How does a city test the quality of their drinking water? Get de - NBC Right Now/KNDO/KNDU Tri-Cities, Yakima, WA |

How does a city test the quality of their drinking water? Get details from Yakima officials

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LabTest Business Sign LabTest Business Sign
Clean water vs. water with coliform (yellow) Clean water vs. water with coliform (yellow)
Water with E. coli contamination (neon white) Water with E. coli contamination (neon white)

Yakima, WA - With the City of Mabton recently having to deal with contaminated drinking water it makes people wonder, how is drinking water actually tested? The City of Yakima's Water Irrigation Manager and a lab technician with LabTest, a local environmental testing facility, help explain the process.

Dave Brown, the city's water irrigation manager, says Yakima's main water source comes from the Naches River, along with ground water wells. Based on standards set by Washington State Health Department, the frequency of Yakima's and any city's drinking water testing is based on the population size. 

"Its all based on the population, so our population says we have to take 80 samples a month, that's about 20 samples a week, we take them all over town. Then we have a plan called the coliform monitoring plan, which prescribes where we take them, we take them all over the city that's representative of the water all over town," said Brown.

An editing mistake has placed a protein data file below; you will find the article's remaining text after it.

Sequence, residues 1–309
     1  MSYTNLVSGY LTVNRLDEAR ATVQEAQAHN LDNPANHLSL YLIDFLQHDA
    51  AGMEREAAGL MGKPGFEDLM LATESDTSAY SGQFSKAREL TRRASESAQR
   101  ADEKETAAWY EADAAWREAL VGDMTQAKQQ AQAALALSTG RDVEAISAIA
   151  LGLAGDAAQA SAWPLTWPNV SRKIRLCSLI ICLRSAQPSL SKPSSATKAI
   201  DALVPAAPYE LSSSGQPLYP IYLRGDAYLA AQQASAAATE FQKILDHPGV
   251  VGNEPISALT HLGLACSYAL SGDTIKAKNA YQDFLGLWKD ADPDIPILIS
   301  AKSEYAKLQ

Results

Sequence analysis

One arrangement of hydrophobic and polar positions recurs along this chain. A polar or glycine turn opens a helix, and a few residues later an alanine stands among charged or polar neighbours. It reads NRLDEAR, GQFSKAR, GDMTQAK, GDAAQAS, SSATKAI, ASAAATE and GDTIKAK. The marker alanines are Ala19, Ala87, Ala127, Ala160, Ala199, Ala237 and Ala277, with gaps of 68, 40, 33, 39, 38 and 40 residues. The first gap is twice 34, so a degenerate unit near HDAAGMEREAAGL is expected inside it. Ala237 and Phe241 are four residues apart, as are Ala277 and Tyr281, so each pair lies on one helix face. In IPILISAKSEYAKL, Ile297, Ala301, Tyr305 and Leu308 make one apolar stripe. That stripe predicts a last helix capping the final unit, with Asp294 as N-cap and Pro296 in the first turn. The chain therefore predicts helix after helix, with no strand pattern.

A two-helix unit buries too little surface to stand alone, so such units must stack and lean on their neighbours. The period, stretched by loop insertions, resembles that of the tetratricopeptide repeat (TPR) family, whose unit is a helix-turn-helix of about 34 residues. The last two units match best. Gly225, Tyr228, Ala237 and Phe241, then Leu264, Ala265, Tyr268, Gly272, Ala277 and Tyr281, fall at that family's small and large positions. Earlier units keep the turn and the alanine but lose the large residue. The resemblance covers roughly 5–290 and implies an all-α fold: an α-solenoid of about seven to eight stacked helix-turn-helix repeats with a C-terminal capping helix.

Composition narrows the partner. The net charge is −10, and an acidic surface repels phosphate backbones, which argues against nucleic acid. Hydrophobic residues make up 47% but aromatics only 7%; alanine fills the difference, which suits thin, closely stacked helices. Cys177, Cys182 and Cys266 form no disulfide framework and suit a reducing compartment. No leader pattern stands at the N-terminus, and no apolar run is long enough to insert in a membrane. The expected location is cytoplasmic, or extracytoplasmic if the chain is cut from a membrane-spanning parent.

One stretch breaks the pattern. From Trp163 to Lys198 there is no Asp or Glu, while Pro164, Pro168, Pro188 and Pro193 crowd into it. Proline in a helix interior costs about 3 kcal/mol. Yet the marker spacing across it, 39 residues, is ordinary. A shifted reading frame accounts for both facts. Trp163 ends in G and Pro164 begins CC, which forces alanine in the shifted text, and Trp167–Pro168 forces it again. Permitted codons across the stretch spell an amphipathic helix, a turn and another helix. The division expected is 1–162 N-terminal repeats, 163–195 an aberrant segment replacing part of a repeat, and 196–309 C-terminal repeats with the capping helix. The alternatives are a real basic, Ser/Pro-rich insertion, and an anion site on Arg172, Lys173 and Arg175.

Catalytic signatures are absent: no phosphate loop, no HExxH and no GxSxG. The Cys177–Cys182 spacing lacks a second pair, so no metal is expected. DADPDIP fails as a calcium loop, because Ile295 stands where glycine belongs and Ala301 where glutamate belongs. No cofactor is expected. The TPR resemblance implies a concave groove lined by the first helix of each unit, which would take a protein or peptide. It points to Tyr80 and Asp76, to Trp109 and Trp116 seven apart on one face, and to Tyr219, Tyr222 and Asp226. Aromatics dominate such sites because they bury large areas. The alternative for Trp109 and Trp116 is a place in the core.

Coliform bacteria are organisms that are present in the environment and in the feces of all warm-blooded animals and humans. Their presence in drinking water indicates that disease-causing organisms, or pathogens, could be in the water system. Most pathogens that can contaminate water supplies come from the feces of humans or animals, according to the Washington State Health Department's website.

The City of Yakima works with Cascade Analytical Lab for all kinds of testing of city water.  Another lab local to Yakima is, LabTest, and they test water, soil, and wine, for all kinds of environmental contaminants.  LabTest provides water testing services for the city of Toppenish, Harrah, and more.

Testing for coliform is the most common drinking water tests done at these labs.

"We take samples of water, and put them in an incubator for a 24-hour period, if the water comes back yellow, the water sample is positive for coliform, to find out if there is E. coli present in the water, we turn off the lights, put a black light up to the water and if it turns a neon white color, E. coli is present," said Giles Hamilton, Lab Supervisor at LabTest.

If coliform bacteria are found in a water sample, water system operators work to find the source of contamination and restore safe drinking water. 

Labs also test for metals in the water as well, but those tests do not happen as frequent as coliform testing.

For more information on LabTest and/or to inquire about getting your water tested with them, click here.

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